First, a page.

to include all minimum statutory standards and benef‌its a s it designs
its pension plan, pre-fund the pension plan to minimum levels so as to
protect the long-term f‌inancial v iability of pensions and deferred benef‌its,
and appoint a pension plan admini strator to administer the plan and the
pension fund. Under the PBA, plan ad ministrators must prudently invest
the assets of a pension fund, disclose required documentation to plan
3 Pension Benef‌its St andards Act, 1985, RSC 1985, c 32 (2d Supp) [PBSA].
4 Pension Benef‌its A ct, 1962–1963, SO 1962–1963, c 103.
5 See Chapter 2, Sect ion C(2)(a). The one notable exc eption is in the province of
Quebec, where employers a re required to establish a r etirement savings plan ,
however, it need not be a register ed pension plan.
6 Justice Abella, dis senting in St Marys Paper Inc (Re) (1994), 116 DLR (4th) 448 at
para 55 (Ont CA), a’g (1993), 107 DLR (4th) 715 (Ont Ct Gen Div) [St Marys].
7 PBSA, s 4(2).
members, make all presc ribed regulatory f‌il ings as required, and admi n-
ister their plans in accordance with the legislation and the plan terms.
Finally, the PBA prescribes procedures for plan amendment and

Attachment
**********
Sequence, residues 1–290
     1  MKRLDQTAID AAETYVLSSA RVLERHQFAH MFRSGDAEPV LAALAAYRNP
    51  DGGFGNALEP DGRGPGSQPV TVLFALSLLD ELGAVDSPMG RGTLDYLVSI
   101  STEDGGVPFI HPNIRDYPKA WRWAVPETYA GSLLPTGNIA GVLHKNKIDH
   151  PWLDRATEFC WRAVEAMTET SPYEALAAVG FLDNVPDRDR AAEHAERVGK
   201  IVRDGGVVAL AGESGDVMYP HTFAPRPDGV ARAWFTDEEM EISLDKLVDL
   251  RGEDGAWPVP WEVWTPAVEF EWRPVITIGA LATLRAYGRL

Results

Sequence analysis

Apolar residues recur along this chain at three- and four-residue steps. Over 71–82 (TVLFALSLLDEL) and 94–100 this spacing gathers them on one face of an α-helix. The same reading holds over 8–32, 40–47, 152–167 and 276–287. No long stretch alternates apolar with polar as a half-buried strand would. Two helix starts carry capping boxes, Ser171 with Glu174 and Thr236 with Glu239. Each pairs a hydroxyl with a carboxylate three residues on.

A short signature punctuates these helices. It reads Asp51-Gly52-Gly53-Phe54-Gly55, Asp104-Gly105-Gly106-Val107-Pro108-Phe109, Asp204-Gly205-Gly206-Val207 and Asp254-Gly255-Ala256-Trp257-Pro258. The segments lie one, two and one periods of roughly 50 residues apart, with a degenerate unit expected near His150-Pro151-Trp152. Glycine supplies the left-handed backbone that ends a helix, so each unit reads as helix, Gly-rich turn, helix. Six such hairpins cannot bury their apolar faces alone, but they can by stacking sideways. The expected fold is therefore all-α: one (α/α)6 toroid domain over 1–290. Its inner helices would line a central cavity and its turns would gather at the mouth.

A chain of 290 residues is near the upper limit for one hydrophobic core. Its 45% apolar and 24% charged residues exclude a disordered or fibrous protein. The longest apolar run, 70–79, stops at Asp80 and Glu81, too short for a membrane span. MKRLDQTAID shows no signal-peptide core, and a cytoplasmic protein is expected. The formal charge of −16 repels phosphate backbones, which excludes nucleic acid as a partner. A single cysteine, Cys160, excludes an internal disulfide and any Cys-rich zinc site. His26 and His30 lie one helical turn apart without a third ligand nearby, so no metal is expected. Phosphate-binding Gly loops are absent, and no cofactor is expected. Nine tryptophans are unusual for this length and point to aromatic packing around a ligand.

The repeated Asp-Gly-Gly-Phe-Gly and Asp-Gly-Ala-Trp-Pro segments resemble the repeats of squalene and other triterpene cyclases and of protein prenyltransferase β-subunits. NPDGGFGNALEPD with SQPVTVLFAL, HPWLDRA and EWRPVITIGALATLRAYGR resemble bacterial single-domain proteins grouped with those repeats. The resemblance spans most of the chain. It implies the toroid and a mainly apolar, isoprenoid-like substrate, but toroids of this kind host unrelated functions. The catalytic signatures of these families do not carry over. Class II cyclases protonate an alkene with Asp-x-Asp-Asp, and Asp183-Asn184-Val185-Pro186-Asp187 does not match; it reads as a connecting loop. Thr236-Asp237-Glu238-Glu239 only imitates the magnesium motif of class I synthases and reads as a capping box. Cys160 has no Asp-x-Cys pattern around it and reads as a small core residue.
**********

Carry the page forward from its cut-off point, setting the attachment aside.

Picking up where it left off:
termination and codif‌ies generally the respect ive rights, duties, and
responsibilities of t he pension regulator, employers, administ rators and
their agents, employees, and pensioners.
This section identif‌ies the legal i ssues arising from the various forms of
plan sponsorship and from the var ious models available for designing
and calculating pension benef‌its.
1) Plan Sponsor
a) Introduction
The term “plan sponsor” is not a term t hat is def‌ined or referenced in the
PBA. However, the term is widely used in t he pension industry to denote
the one or more entities that, or persons who, establi sh the pension plan
and to whom is reserved in the pension contract the ultimate power to
amend or terminate the plan. Pension plan s may be sponsored by one or
more employer, employer’s association, trade union, government, or any
combination of these. Where the employer is not the sole plan sponsor,
the terms “plan stakeholders” or “plan partners” are sometimes used
to refer to the sponsors.
b) Employer-sponsored pension plans
Where an employer voluntarily establishes a p ension plan for its employ-
ees, it will customa rily be referred to as the “plan sponsor” and t he plan
will be referred to a s an “employer-sponsored pension plan.” Employ-
er-sponsored plans most commonly ari se in private-sector workplaces.
The term “plan sponsor” is often interchangeable with “employer” in
these circumstances.
The most signif‌icant feature of an employer-sponsored plan is w ith
respect to funding t he pension benef‌its. Generally, an employer is required
to ensure that the plan i s fully funded to the level that secures all prom-
ised pension benef‌its. An e mployer may not reduce any accrued or vested
benef‌its under the plan in the event that the pension fund is def‌icient.8
8 There are exceptions to this r ule, for example, where the plan is de signed as a
“target benef‌it pla n”: see Section B(2)(e), below in t his chapter. See also Sect ion
B(1)(c), below in thi s chapter.